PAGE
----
Lest ye may think, my Gentles, that these were all of the trials upon this arduous pilgrimage; I will briefly allude to the tortuous time in a labyrinth of vast extent whose walls were cunningly contrived of countless woven links of metal.

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I was assured by Lord Aladric and Lady Drusilla that such did not even exist when they scouted the way a short time prior to this quest. Oh, the wizardry of that land! But at last our indefatigable band passed even this obstacle and rode up to the Shrine.

Once here they were accosted by a pack of foreign infidels who administered a rite of catechism at the Shrine:

“Is that your horse?” (Aye.)
“Does it bite?” (No, she doesn’t.)
“Does it kick?” (Not good subjects of the Barony.)
“Can my sister go for a ride?” (Not now.)

Having successfully countered this onslaught, the pilgrims finally dismounted and ascended to the mountain grotto to pray and give thanks for their safe passage through the dark lands and to humbly ask for water from the Holy Well (for often it is dry). A miracle! The water was there! As our staunch pilgrims filled a cannikin with the sacred water yet another miracle was vouchsafed unto them.

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Saint Geronimus, may he rest in Heaven, had caused these waters to become the habitat of a witch called “Salmon Ella” with all her myriad brood. So effective can she be at times, that for the affected believer all ills, aches and pains of this world are cured…PERMANENTLY! A veritable shortcut, as it were, to Heaven. (Unkind varlets for whom the cure is not quite as efficacious claim the experience is more akin to the “other place”).

Our pilgrims then remounted and wended their way homeward into the red and setting sun. I shall spare ye the tale of how dark bewitchment struck the powerful war mare, Kabira Far (whose very name means “Magnificent Mouse”), causing her rider the fair Elzbeta Belz to dismount. Now there were four. Or how at the crossing of the Saint Anne, Lord Aladric turned his great witch steed (none other than the illustrious war mare, Morgan Le Fay) in an effort to succor and lift the spell upon Kabira Far. Now there were three! Or how, in the absence of the powerful aura surrounding Morgan Le Fay, the waters of Salmon Ella generated a “brain fever” in Lord Ivar. There were almost only two! But of all this I shall not weary you. Lady Rathyen, the adventureless? Remember, my most esteemed listeners, that she rode the greatest of them all, Bint Rafeek. And Rafeek, as we all know, in Arabic means a GUIDE, a guide without peer, and so it proved.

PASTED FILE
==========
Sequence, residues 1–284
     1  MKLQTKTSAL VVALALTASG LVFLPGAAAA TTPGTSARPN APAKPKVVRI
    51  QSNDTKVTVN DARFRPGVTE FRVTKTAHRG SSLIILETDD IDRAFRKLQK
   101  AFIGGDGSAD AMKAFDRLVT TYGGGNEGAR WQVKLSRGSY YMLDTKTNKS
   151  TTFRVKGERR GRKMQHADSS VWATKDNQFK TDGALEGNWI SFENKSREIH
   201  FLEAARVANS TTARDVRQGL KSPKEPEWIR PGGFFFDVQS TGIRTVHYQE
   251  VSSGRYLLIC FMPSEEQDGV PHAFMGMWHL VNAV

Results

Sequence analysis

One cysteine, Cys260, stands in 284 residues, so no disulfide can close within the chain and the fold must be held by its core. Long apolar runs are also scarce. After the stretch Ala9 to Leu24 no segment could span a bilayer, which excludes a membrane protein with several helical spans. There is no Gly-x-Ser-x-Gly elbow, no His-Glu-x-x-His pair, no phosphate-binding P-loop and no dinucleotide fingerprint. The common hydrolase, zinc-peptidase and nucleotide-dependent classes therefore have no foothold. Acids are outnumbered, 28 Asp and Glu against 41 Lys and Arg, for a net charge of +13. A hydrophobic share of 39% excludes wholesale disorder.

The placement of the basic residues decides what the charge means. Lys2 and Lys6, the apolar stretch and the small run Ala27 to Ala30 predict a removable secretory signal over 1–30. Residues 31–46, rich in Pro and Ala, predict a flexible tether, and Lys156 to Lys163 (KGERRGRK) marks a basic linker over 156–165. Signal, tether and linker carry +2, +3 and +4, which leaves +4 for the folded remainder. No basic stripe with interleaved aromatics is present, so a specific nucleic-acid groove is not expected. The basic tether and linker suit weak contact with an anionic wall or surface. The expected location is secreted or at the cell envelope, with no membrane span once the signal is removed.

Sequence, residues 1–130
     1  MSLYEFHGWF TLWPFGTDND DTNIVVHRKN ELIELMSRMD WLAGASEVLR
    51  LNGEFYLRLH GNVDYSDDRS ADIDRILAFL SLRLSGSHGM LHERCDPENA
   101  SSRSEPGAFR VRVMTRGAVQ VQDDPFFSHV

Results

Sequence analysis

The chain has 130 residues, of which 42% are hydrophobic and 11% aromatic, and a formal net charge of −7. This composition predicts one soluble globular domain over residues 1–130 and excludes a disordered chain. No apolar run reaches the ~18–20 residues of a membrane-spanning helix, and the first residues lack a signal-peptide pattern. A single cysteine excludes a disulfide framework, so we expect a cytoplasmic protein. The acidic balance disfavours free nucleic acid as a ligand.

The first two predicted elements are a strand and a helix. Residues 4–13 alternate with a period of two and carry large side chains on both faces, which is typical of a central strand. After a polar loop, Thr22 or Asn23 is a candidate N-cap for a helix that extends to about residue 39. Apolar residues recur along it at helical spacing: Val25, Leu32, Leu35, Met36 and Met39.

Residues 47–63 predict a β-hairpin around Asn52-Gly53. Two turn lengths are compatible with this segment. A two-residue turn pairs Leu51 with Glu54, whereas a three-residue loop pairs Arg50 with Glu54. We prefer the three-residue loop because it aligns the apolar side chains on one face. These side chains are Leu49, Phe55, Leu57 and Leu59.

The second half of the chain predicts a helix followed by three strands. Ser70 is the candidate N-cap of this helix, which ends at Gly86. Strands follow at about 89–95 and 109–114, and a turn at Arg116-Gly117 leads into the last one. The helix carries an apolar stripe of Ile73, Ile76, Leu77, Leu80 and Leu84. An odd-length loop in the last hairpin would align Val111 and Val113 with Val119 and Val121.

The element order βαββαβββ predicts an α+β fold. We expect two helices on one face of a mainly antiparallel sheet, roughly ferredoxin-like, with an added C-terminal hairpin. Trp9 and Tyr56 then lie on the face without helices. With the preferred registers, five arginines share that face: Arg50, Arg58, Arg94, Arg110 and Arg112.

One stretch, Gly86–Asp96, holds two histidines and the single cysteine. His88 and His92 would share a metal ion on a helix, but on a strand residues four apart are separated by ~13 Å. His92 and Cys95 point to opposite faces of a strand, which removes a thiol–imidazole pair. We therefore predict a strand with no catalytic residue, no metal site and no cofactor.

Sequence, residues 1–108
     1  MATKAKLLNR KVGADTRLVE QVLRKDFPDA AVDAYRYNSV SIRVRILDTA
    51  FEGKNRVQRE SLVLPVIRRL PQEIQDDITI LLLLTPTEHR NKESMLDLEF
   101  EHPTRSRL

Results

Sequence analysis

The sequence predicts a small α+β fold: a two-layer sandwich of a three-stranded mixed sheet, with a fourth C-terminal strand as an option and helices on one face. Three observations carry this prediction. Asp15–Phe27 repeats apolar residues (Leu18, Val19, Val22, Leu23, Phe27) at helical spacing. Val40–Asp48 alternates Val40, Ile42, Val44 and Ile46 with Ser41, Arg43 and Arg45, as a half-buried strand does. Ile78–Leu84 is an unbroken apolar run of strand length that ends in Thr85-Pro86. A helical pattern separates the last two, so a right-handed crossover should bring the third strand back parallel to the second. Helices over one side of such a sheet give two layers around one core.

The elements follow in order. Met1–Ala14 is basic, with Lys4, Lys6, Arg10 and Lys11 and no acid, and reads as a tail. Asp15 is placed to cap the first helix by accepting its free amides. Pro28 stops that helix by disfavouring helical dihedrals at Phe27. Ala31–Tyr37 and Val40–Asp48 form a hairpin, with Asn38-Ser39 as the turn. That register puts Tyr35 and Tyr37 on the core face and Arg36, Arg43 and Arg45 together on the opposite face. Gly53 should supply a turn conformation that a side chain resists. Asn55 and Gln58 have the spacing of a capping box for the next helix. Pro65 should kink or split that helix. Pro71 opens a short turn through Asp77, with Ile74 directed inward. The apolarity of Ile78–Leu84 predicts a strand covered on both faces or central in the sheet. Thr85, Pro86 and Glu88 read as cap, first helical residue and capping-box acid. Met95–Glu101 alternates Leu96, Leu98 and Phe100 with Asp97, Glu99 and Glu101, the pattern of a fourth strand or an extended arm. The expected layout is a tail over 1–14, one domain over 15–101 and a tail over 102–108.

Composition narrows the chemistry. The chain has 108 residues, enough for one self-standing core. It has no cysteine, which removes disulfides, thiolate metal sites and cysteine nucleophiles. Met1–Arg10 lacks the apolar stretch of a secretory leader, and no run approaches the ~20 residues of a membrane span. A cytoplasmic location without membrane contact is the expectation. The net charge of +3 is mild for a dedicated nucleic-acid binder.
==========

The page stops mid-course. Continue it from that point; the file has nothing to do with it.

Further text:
At long last, as a full and rising moon just grazed the hilltops, I saw them come riding out of darkness and into the ever-burning lamps of House Montrose; two bays, two greys, and the chestnut…Bint Rafeek. Was it true? By all the miracles of Geronimus Lacknose, I swear to its veracity for I saw them return. Morgan Le Fay and Kabira had overtaken the lead three at the very edge of the Dark Lands.

The Waters from the Holy Well, ye ask? They now reside…or so I’m told…in a Carafe of Crystal in the keeping of the Barony to cure ye…PERMANENTLY…should ye so desire!

And that concludes, my Lords and Ladies, my tale of six pilgrims, six noble war mares of Araby, and the Waters from the Well of Saint Geronimus. So have I told ye…in all equestrian humility.

Mornay of Anglesey

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Originally submitted for the best new relic contest at the Saint Geronimus Tournament 21st day of February, A.S. XXI by the Dreiburgen Light Horse, along with the bottle of the water we filled from the Saint Geronimus shrine/fountain at the base of Mount Rubidoux.